Voucher program spells relief for families of first responders
By The Star Staff
With thousands of applications processed, the Administration for the Integrated Care and Development of Children (ACUDEN by its Spanish acronym) announced Monday that more than 14,000 first responder families in Puerto Rico received vouchers for the payment of child care services following the launch of the ACUDEN CARES Program.
The application process closed on Sept. 15, and more than 16,000 children have received services.
Through ACUDEN CARES, financial assistance for the payment of childcare services was provided to professionals classified as first responders. Some of the professions authorized by the federal government to receive the vouchers were nursing and emergency management personnel, police, firefighters, transportation and telecommunications sector personnel, physicians and physical therapists, and those who provide support for federal food assistance programs.
“In a way, we encourage the work of mothers, fathers, and heads of families who, day after day, go out to serve Puerto Rico from their different scenarios in emergency situations,” Family Secretary Carmen Ana González Magaz said. “The program has given them economic relief, but above all the peace of mind of leaving [their children] in places that meet the requirements of the Family Department, guaranteeing healthy and safe child care for their children.”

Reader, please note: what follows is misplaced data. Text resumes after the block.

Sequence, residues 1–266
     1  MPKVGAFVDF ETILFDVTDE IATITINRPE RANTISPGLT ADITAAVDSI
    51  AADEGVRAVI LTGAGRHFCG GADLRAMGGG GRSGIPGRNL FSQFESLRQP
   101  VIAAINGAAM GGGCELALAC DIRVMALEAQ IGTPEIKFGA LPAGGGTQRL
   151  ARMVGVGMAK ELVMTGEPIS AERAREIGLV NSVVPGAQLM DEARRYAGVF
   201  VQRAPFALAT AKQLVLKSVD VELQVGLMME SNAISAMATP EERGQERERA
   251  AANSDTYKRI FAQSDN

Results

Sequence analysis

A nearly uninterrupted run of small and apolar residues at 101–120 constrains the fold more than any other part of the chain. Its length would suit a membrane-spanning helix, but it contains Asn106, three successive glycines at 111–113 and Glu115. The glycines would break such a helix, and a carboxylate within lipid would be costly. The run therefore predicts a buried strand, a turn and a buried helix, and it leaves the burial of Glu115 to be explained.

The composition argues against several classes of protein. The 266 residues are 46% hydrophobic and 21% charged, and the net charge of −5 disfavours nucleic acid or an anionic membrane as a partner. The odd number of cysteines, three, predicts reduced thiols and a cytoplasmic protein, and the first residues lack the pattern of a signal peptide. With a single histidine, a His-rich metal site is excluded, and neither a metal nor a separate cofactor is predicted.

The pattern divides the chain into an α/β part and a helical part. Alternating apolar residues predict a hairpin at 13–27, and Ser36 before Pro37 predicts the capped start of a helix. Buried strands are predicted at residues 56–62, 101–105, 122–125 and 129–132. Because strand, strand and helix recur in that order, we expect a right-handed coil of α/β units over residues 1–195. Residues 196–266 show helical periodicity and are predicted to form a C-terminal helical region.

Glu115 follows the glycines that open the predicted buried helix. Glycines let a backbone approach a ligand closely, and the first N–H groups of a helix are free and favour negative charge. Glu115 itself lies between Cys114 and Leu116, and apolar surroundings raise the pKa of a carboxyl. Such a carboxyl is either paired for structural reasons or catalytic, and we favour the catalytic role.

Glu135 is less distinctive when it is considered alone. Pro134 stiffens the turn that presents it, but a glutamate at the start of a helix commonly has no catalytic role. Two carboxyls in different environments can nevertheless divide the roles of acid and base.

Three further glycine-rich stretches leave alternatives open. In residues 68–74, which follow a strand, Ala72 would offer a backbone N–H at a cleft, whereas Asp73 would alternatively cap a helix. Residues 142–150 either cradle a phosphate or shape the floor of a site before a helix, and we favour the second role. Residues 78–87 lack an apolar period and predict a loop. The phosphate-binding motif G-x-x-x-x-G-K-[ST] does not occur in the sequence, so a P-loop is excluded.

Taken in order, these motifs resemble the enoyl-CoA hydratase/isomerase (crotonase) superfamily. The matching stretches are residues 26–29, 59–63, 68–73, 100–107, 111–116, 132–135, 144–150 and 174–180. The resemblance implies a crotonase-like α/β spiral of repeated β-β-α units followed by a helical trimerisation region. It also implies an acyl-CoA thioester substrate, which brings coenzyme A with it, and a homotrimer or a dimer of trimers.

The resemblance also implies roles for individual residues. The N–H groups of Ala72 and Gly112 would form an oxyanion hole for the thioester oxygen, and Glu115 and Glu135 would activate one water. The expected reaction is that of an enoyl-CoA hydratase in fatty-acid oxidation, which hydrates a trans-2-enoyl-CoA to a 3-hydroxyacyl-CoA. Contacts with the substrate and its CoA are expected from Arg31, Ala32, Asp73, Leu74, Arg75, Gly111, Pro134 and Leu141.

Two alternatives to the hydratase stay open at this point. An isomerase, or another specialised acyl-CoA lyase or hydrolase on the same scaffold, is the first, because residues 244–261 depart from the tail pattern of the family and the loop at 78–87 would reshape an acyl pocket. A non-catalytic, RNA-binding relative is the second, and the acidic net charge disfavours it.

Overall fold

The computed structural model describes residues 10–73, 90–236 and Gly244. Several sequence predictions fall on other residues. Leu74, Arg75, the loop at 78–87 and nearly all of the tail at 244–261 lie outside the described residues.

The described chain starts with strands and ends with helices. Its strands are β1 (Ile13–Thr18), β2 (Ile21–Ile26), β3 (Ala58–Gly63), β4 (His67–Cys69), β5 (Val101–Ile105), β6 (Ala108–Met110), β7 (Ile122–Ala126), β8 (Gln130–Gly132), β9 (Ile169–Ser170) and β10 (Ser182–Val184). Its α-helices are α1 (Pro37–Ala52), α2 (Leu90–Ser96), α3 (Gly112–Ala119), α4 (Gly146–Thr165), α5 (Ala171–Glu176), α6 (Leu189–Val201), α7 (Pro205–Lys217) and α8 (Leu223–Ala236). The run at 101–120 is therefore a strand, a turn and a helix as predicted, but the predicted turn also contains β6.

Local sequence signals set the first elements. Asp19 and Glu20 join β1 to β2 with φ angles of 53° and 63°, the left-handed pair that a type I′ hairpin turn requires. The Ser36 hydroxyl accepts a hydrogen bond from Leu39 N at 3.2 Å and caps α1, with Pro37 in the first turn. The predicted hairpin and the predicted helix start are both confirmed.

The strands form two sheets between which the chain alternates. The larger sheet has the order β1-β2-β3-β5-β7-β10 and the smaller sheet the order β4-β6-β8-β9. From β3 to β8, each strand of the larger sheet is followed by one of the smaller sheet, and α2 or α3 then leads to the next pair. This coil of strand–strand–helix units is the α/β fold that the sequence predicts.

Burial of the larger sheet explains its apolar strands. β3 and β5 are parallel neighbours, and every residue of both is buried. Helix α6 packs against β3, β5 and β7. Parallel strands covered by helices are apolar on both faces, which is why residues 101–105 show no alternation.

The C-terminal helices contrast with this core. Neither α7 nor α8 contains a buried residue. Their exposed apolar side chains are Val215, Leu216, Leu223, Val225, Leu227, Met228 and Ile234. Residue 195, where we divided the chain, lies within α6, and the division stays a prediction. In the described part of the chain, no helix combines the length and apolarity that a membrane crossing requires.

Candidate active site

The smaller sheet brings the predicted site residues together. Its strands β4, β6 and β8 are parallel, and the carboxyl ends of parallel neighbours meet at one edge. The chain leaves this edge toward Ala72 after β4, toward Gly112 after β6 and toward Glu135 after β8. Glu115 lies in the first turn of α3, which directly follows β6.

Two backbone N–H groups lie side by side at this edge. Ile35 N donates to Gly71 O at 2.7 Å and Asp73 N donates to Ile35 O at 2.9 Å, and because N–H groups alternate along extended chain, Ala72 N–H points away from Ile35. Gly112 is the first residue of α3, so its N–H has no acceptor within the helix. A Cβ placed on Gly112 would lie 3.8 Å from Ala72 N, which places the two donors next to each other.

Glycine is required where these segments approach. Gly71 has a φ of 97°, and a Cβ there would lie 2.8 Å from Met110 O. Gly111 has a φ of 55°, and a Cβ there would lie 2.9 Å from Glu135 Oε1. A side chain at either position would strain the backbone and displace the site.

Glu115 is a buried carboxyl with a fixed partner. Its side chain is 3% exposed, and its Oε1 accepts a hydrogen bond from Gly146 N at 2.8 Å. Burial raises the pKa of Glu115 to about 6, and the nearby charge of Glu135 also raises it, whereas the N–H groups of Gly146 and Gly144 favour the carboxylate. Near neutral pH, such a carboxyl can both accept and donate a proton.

The program is closed to new applicants. However, the review will continue to grant eligibility to cases that meet the criteria and have applied on or before the deadline, as well as requested amendments or other services.
ACUDEN Administrator Roberto Carlos Pagán noted that “the program has achieved a historical impact.”
“We have impacted over 21,000 children in all modalities through the Child Care programs in just one year,” he said. “Generally, in previous years only 5,000 were reached. We have a team that is very committed to children, and we are delighted with the agility with which the ACUDEN staff has handled the application processes to assist families.”
Pagán added that the agency is in talks with the federal government to modify the eligibility criteria so that first responders can receive benefits through the regular program.
Vouchers were provided to families through CARES (Coronavirus Aid, Relief, and Economic Security) Act funds, with an economic impact of $117 million.